sleep2There are certain times in your cycle when falling asleep or staying asleep is more challenging, for instance, during your Week 1 (your menstrual week) due to aches and pains, during your Week 2 (the week leading up to and including ovulation) when high estrogen ramps up mental energy, which can prompt anxiety or racing thoughts, making it difficult to drift off or get back to sleep if you wake up, and during the start of your Week 3 (which starts right after ovulation) and throughout your premenstrual Week 4 when plunging estrogen lowers levels of sleep-regulating serotonin in the brain, making deep, undisturbed sleep harder to come by.

No matter what phase of your cycle you’re having trouble snoozing, a 2013 study in the journal Neuropsychiatric Disease and Treatment suggests an easy, pill-free way to clock more restful zzz’s: Apply gentle pressure to a certain part of your wrists at night by wearing an anti-nausea acupressure bracelet (like this one). As the researchers explain, stimulating this acupressure point prompts your body to relax, helping you fall asleep faster and stay asleep. You can find anti-nausea acupressure bracelets in drugstores and at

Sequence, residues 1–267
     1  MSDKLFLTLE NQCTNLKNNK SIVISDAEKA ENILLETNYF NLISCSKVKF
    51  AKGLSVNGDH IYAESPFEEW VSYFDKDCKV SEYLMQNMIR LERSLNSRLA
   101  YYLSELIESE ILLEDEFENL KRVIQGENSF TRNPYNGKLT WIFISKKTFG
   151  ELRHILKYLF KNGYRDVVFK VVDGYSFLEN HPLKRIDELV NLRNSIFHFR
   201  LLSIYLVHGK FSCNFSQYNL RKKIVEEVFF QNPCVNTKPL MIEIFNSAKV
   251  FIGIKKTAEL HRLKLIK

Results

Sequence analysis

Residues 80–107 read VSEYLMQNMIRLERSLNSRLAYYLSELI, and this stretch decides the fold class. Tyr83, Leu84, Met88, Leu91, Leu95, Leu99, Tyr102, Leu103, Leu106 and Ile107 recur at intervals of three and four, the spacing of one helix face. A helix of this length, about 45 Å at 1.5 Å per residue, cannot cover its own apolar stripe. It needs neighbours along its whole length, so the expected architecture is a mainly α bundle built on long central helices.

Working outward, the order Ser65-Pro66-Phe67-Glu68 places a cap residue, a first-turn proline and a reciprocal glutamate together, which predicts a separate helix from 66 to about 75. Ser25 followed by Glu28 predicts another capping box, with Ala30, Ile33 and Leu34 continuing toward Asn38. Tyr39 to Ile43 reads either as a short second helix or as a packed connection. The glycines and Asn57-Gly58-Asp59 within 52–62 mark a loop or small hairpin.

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My HormonologyMy HormonologyKeep track of where you are in your monthly cycle with the portable, easy-to-use ovulation mini-microscope. Just dab a little saliva on the lens, let it dry, then take a peek through the microscope. Seeing dots, sticks or ferns on the lens tells you how close you are to ovulation. It couldn’t be easier! Order it at

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